Last week, the Palestinian National Council met in Ramallah, bringing together 18 members of the PLO’s Executive Committee who effectively comprise President Mahmoud Abbas’s cabinet. A look at the list of participants reveals that the average age of those in attendance was about 70. This should cause anyone reading this to pause.
The Palestinian leadership, claiming to represent the people of Palestine, consists of elderly politicians. Meanwhile, the demonstrators taking to the streets of Gaza, demanding their right to return, were all born after the turn of the millennium. This generation did not witness the Oslo Accords, the formation of the Palestinian Authority, the summit at Camp David or the outbreak of the two intifadas. Many of them have been born into a political reality that leaves them with no hope for a better future.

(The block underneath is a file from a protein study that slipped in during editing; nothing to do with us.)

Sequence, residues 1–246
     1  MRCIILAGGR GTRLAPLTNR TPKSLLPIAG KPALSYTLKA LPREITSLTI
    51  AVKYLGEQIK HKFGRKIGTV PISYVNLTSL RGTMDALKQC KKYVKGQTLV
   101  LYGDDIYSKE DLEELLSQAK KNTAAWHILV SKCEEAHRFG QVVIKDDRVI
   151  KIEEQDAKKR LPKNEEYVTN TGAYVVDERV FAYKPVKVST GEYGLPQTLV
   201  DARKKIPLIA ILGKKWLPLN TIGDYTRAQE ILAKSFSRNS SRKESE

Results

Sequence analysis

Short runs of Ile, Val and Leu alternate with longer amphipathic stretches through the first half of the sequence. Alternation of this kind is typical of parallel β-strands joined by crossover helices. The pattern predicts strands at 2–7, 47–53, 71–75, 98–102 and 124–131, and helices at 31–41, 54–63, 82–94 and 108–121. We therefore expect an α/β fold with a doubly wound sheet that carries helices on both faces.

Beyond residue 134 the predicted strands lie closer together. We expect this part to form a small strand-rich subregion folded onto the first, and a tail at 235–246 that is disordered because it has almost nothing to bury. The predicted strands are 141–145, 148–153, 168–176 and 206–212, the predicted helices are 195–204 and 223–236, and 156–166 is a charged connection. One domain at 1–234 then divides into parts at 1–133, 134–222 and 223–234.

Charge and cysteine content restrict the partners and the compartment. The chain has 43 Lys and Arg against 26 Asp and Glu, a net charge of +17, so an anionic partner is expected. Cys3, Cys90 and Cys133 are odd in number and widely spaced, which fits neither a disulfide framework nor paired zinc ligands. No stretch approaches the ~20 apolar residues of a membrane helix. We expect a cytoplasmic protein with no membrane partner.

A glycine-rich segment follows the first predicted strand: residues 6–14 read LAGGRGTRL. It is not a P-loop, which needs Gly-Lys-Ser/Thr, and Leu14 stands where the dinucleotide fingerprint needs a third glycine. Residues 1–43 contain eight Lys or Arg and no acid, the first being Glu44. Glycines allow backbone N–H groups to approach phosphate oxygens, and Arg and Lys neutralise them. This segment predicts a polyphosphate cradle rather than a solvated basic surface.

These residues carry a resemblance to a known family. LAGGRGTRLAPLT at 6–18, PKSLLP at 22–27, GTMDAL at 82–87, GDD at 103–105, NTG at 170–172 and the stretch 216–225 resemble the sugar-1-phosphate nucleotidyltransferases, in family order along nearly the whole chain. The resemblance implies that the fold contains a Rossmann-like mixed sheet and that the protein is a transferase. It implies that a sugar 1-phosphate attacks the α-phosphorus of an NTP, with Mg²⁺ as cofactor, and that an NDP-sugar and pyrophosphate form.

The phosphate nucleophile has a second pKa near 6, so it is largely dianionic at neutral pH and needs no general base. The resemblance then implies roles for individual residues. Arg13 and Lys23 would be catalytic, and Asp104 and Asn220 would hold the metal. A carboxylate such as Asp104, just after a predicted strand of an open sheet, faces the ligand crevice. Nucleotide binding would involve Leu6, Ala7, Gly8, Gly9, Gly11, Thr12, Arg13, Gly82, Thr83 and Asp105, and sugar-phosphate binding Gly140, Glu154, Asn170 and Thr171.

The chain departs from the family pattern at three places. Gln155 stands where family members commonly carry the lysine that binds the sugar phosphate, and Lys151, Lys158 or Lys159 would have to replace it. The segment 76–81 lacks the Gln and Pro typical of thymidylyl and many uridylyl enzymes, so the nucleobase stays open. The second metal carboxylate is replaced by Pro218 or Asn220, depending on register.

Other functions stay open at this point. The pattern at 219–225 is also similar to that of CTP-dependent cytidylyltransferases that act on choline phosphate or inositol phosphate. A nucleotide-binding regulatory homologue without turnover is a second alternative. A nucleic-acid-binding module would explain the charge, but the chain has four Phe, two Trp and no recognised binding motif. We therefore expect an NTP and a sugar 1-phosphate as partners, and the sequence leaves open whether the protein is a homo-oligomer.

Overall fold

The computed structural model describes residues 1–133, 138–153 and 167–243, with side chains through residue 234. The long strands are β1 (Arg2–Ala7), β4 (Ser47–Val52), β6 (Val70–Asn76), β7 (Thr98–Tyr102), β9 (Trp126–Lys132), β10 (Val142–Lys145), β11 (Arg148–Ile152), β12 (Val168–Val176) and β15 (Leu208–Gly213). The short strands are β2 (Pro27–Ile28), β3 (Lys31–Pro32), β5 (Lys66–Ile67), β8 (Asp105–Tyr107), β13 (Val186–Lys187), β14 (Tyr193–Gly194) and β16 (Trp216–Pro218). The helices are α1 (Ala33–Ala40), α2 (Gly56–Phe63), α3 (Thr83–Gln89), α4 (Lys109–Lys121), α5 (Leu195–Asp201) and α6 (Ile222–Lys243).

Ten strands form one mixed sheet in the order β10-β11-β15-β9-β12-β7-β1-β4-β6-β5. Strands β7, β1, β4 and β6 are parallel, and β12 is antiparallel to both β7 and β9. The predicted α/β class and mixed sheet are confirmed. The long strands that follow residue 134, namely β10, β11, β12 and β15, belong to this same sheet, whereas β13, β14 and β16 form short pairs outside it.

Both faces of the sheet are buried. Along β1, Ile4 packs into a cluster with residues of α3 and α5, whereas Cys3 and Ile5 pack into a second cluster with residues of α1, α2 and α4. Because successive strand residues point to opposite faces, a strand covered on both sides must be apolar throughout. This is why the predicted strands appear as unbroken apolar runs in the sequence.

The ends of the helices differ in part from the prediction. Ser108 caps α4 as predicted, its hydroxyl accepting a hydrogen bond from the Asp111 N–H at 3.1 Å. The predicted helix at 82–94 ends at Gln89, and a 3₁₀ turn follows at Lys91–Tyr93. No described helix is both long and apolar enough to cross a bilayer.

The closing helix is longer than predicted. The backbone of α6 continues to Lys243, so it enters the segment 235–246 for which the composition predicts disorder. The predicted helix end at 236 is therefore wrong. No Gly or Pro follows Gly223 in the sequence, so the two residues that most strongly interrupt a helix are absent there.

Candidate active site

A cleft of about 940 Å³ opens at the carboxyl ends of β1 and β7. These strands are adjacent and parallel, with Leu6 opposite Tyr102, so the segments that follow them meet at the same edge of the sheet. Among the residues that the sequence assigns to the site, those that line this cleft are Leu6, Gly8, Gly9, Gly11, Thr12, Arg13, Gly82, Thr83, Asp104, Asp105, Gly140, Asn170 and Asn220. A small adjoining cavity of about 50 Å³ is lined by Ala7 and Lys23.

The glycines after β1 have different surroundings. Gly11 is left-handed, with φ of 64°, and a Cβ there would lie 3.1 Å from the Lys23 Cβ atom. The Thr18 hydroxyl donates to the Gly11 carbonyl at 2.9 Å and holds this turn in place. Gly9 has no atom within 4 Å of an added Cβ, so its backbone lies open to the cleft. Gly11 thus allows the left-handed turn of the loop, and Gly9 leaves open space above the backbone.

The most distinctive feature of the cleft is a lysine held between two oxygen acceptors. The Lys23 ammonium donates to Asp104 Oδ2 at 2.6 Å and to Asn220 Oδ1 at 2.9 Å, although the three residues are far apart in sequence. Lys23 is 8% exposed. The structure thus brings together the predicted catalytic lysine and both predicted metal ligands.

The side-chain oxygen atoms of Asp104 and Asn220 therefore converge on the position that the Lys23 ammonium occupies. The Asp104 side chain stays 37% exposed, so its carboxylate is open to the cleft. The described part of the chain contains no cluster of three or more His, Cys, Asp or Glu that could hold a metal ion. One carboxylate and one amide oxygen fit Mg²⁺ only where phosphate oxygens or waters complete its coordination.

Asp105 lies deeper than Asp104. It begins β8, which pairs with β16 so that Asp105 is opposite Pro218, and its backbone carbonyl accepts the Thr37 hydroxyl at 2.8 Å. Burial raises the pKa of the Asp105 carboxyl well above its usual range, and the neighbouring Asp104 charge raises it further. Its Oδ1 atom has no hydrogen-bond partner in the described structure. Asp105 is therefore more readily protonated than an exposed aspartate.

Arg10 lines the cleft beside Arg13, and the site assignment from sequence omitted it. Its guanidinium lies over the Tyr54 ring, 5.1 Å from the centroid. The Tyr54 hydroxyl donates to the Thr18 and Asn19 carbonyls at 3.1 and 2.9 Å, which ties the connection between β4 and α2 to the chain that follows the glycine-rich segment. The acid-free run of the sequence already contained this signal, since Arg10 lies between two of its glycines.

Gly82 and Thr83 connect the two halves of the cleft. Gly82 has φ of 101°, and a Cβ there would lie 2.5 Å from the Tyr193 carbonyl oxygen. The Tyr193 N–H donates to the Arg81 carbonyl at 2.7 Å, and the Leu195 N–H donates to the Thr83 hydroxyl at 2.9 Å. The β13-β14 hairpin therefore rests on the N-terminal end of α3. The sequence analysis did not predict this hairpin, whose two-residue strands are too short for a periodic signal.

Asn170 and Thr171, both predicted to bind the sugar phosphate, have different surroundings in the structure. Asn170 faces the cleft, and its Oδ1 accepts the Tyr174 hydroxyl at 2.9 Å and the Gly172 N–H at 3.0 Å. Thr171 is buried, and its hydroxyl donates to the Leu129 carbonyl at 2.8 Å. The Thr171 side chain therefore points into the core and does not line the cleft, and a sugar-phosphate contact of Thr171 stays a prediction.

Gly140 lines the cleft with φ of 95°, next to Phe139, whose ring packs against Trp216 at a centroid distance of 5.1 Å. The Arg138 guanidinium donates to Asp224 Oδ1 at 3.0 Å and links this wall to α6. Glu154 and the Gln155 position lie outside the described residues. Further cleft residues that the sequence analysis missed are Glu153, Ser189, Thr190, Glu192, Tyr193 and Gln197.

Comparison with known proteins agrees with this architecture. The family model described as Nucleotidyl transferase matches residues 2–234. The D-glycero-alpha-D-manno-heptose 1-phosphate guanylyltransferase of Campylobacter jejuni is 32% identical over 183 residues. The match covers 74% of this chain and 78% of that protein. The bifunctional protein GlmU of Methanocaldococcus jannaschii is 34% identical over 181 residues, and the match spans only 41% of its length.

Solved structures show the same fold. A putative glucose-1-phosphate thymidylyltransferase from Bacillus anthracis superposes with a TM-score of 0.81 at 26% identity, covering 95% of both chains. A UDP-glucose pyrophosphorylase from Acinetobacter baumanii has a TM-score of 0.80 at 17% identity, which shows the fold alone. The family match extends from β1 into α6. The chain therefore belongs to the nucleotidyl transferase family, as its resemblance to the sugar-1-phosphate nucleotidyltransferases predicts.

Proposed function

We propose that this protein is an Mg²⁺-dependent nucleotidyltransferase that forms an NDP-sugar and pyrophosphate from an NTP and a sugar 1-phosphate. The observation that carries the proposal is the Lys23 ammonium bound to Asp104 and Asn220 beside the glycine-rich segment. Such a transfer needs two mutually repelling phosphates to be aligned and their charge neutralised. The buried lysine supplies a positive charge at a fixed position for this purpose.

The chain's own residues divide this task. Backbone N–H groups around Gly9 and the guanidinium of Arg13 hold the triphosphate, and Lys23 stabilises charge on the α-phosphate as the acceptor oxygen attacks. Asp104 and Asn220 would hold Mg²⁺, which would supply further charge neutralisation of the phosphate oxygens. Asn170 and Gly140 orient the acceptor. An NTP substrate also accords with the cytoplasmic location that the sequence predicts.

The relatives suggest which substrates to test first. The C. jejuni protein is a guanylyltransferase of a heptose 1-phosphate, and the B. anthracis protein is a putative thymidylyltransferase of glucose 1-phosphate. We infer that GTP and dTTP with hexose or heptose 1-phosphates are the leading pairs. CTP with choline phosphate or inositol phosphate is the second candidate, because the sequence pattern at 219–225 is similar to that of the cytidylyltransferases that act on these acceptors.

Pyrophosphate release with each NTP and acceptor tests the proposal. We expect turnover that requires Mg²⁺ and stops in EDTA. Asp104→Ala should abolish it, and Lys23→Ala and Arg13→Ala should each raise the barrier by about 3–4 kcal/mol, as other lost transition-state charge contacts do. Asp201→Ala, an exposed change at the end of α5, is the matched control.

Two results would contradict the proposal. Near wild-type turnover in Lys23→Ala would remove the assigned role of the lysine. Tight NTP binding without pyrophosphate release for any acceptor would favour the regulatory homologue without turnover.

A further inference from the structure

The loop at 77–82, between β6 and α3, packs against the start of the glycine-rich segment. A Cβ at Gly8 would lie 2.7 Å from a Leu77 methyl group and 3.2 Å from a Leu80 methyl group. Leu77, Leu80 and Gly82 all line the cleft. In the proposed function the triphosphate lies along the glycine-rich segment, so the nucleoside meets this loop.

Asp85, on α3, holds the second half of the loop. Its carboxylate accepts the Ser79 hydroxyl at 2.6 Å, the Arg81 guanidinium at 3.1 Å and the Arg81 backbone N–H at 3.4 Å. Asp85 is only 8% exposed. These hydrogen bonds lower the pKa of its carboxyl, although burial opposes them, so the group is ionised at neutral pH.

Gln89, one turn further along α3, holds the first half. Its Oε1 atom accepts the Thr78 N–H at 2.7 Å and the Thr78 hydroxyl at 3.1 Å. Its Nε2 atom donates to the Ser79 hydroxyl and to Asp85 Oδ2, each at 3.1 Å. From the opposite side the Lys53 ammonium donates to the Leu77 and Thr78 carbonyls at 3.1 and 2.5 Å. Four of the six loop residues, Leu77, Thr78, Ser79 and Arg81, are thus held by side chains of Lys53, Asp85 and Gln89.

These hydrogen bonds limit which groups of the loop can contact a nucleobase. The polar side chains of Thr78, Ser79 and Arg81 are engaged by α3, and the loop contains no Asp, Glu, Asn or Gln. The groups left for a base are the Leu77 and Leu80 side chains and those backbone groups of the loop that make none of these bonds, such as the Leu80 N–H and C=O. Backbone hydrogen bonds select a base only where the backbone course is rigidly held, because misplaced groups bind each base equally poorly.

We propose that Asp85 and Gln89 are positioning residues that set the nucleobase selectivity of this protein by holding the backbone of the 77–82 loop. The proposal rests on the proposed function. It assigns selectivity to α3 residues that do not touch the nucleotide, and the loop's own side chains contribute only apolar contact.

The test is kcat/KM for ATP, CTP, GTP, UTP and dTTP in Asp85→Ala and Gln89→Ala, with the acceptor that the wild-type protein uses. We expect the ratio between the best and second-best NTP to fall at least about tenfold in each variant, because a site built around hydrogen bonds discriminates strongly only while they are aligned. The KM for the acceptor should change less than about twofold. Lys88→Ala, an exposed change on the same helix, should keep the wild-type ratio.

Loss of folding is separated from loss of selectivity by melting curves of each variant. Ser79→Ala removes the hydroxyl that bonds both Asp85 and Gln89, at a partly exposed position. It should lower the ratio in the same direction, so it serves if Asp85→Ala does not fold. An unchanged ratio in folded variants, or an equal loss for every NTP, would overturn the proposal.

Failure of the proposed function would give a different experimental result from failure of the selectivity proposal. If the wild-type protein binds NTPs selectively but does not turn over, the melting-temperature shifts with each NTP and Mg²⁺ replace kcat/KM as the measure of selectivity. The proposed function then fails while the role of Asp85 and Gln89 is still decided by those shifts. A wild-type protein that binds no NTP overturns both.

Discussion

The dichotomy between the Palestinian people and their leaders could not be starker. Luckily, this new generation of Palestinians is rebellious. It refuses to accept the status quo. It resents complacency and idleness. It wants to take its future into its own hands and is determined to bring an end to the apathy that has come to plague Palestinian politics.